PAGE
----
Steve Parrish of BenefitsPro, recently attended some graduate-level presentations at the personal financial planning department of Texas Tech University. These bright young financial planning candidates really knew their stuff. They worked through the arcane issues of split-dollar life insurance and executive bonus plans, and they quoted all the right code sections and financial tables.
His only criticism is they had trouble putting these fringe benefits into context: why employers would be interested, why the benefits would motivate employees. So, in less than 1,000 words, here is Steve’s overview of fringe benefits: What They Are, Why They Are Used.
Kinds of Fringe Benefits
I think of fringe benefits as any employer-provided or -sponsored benefits that are in addition to the regular wages provided employees. The list could go on forever, but below are some common categories.
- Incentives – These fringe benefits are paid out only upon accomplishment of a stated goal. They can come in many forms, from cash bonuses to additional Personal Time Off.
- Event-based – Many traditional fringe benefits are aimed at providing help for uncontrollable events. This is why favorite fringe benefits include health, disability, long-term care and life insurance benefits. The employee has little control over these events, and having the employer provide for – or participate in – the cost of insurance for these risks is a major incentive.
- Qualified Plans – With students I sometimes refer to these benefits as “legislative.” The simple fact is Congress wants to encourage employers to help employees build for retirement. This prevents having a government-provided retirement plan grow to a larger size than it already is, and it provides a social safety net for the elderly. Benefits with arcane names like 401(k), 403(b) and 457 have a real meaning to employees because they are sections of the code with a tangible value from a tax and financial standpoint.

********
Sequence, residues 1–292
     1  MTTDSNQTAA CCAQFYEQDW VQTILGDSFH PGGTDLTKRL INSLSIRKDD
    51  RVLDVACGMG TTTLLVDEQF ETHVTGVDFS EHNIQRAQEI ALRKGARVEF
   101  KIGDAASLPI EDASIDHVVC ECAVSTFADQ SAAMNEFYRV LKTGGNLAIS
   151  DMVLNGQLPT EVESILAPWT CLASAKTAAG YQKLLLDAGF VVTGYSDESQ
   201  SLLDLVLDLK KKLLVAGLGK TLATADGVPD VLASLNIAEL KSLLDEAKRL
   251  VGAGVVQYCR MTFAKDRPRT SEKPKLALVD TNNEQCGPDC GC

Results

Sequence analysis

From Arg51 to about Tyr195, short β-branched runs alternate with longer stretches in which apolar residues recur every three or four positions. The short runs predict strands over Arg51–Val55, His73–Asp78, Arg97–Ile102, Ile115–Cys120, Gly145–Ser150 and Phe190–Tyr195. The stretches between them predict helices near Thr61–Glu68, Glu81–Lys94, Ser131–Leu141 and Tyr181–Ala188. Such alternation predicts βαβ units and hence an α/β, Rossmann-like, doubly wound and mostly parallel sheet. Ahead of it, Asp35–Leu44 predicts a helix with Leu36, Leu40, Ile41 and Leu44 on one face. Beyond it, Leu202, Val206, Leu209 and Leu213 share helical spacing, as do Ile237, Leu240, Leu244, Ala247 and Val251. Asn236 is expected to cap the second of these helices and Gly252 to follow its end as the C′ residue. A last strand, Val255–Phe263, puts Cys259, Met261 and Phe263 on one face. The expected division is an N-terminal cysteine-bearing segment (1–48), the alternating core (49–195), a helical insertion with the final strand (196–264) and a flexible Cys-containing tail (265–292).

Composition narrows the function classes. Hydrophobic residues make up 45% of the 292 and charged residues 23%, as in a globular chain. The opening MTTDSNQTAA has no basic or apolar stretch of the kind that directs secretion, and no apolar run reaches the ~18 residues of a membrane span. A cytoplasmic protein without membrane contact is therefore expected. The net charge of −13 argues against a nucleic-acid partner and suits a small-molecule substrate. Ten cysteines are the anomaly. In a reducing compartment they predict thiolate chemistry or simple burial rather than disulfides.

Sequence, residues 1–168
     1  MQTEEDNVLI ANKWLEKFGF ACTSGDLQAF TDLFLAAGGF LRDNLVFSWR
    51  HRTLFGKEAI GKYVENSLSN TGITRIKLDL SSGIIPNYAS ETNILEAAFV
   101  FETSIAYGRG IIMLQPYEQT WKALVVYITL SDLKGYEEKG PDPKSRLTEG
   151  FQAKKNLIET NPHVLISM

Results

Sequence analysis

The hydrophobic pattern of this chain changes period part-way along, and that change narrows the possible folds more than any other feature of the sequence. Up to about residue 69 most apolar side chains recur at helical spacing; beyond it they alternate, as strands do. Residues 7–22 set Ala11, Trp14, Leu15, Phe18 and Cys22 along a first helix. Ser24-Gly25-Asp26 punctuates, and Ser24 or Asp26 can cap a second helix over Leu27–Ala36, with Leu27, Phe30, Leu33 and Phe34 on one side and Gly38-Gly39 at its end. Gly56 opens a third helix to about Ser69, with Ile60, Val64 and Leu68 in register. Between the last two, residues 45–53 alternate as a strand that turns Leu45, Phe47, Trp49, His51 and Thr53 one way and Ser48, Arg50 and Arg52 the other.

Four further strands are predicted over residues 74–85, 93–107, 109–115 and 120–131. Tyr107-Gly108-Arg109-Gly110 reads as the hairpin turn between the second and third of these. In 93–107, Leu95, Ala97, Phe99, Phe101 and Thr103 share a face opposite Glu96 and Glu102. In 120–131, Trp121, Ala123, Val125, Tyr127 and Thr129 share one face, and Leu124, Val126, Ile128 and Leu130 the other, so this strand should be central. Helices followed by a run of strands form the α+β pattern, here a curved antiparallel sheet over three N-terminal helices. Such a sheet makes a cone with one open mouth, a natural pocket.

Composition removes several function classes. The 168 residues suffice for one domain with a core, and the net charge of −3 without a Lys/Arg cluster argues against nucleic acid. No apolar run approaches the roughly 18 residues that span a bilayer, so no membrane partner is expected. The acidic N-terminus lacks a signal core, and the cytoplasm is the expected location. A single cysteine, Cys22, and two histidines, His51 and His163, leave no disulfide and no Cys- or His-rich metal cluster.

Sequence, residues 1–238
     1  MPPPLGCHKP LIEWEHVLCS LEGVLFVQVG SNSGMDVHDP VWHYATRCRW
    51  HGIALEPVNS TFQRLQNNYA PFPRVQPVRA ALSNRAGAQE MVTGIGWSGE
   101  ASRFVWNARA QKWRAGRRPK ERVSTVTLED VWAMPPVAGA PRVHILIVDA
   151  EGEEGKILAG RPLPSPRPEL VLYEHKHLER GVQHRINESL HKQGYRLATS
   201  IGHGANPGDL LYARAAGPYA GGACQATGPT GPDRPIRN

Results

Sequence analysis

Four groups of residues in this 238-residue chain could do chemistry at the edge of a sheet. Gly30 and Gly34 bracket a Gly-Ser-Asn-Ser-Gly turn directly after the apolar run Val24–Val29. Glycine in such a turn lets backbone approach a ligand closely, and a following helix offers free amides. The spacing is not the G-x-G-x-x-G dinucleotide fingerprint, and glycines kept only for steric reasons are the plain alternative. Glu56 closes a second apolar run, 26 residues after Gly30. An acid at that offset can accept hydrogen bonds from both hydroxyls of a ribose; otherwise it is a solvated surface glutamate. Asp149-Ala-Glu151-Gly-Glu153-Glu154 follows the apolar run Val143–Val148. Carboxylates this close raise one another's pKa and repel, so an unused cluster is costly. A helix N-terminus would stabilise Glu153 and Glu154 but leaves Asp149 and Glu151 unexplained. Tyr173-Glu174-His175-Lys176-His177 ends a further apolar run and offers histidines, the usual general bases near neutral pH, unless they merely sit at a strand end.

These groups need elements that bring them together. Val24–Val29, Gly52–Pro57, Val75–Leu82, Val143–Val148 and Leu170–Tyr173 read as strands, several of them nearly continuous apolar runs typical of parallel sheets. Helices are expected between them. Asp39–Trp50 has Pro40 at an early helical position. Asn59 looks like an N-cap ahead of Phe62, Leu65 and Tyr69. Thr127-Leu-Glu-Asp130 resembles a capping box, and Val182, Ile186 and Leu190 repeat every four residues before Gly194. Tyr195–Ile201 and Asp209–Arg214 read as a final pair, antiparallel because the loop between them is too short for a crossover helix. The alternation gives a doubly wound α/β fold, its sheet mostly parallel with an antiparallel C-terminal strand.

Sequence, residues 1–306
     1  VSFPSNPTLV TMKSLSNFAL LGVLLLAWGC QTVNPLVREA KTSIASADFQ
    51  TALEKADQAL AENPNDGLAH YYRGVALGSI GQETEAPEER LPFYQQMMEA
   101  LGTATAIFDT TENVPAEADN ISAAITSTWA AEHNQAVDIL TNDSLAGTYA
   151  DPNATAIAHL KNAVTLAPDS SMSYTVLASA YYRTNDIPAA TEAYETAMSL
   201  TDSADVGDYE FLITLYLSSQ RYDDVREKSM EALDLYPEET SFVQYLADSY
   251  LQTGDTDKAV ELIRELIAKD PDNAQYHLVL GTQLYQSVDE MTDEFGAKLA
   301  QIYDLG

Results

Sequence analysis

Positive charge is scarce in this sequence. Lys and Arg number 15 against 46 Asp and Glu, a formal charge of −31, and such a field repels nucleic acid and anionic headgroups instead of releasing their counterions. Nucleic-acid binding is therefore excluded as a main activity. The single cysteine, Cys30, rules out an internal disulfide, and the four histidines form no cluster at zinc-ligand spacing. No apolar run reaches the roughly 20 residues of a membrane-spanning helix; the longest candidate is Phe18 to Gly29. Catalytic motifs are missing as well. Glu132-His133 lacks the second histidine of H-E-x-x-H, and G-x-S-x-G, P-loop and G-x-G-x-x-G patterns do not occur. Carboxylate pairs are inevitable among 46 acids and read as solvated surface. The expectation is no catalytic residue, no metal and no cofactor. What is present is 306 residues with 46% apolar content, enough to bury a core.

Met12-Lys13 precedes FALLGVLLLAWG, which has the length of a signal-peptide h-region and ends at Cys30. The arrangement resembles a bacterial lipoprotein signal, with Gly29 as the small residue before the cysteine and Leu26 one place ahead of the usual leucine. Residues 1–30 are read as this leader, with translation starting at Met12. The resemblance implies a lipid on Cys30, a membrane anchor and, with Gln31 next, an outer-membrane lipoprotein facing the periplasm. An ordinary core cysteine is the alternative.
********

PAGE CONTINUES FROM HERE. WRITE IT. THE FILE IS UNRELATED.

- Nonqualified Plans – To the layman, this name is nonsensical. All it really means is this: it’s a benefit that falls outside of the qualified plan rules. Executive fringe benefits such as deferred compensation are “nonqualified” because they are not part of the ERISA-driven qualified plan rules that apply to the bulk of employees.
- Equity- based Plans – These incentives are measured primarily by how the company’s stock is performing. Anywhere from stock grants and stock options for executives to employee stock purchase plans for the entire workforce, the idea is to motivate employees to pull for the common cause of the company’s success.
- Special circumstances – During the boom period before the Recession, a company I know had an employee raffle for a Harley Davidson motorcycle. And during the dark days of the Great Recession, that same company supported employee morale by allowing “jean days” for several months. People liked wearing jeans, and it was a no-cost benefit the employer could offer.
- Recurring events – Many companies build positive anticipation by having, for example, a BBQ event tied into the United Way campaign or providing each employee with a free turkey every Christmas. Who can forget Clark Griswold’s excitement of being enrolled in the Jelly of the Month Club in “Christmas Vacation”?
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